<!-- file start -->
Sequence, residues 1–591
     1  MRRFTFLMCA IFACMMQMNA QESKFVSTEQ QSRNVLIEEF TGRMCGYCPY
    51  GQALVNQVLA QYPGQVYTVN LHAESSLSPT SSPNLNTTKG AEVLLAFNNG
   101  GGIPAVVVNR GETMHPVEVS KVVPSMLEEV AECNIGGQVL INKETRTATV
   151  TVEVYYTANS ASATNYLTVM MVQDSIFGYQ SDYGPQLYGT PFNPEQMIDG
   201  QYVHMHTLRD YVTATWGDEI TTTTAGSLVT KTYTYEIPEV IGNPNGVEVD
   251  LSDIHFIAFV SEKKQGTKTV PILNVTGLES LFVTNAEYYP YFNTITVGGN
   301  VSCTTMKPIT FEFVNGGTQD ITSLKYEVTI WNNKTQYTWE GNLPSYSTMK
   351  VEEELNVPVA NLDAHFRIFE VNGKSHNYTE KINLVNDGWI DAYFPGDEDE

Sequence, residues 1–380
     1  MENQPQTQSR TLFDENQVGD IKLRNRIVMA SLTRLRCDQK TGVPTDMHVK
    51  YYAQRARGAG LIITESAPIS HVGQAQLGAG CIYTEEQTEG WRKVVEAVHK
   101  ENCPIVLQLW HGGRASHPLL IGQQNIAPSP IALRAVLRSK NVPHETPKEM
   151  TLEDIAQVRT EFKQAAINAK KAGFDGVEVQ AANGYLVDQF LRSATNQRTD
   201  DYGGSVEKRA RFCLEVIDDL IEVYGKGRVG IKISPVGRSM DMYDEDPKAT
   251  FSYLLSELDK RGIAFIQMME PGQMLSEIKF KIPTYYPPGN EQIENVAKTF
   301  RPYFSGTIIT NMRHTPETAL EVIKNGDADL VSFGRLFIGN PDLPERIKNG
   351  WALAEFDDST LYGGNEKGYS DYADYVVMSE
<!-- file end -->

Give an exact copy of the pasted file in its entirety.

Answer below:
Sequence, residues 1–591
     1  MRRFTFLMCA IFACMMQMNA QESKFVSTEQ QSRNVLIEEF TGRMCGYCPY
    51  GQALVNQVLA QYPGQVYTVN LHAESSLSPT SSPNLNTTKG AEVLLAFNNG
   101  GGIPAVVVNR GETMHPVEVS KVVPSMLEEV AECNIGGQVL INKETRTATV
   151  TVEVYYTANS ASATNYLTVM MVQDSIFGYQ SDYGPQLYGT PFNPEQMIDG
   201  QYVHMHTLRD YVTATWGDEI TTTTAGSLVT KTYTYEIPEV IGNPNGVEVD
   251  LSDIHFIAFV SEKKQGTKTV PILNVTGLES LFVTNAEYYP YFNTITVGGN
   301  VSCTTMKPIT FEFVNGGTQD ITSLKYEVTI WNNKTQYTWE GNLPSYSTMK
   351  VEEELNVPVA NLDAHFRIFE VNGKSHNYTE KINLVNDGWI DAYFPGDEDE

Sequence, residues 1–380
     1  MENQPQTQSR TLFDENQVGD IKLRNRIVMA SLTRLRCDQK TGVPTDMHVK
    51  YYAQRARGAG LIITESAPIS HVGQAQLGAG CIYTEEQTEG WRKVVEAVHK
   101  ENCPIVLQLW HGGRASHPLL IGQQNIAPSP IALRAVLRSK NVPHETPKEM
   151  TLEDIAQVRT EFKQAAINAK KAGFDGVEVQ AANGYLVDQF LRSATNQRTD
   201  DYGGSVEKRA RFCLEVIDDL IEVYGKGRVG IKISPVGRSM DMYDEDPKAT
   251  FSYLLSELDK RGIAFIQMME PGQMLSEIKF KIPTYYPPGN EQIENVAKTF
   301  RPYFSGTIIT NMRHTPETAL EVIKNGDADL VSFGRLFIGN PDLPERIKNG
   351  WALAEFDDST LYGGNEKGYS DYADYVVMSE